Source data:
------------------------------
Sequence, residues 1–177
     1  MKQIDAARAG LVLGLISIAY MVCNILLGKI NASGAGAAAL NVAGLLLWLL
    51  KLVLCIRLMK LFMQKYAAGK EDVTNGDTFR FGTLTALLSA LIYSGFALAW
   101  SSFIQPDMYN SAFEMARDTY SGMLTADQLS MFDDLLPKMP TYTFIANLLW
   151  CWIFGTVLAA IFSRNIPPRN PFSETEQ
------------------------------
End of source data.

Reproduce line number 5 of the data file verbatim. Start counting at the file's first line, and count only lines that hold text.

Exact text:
   151  CWIFGTVLAA IFSRNIPPRN PFSETEQ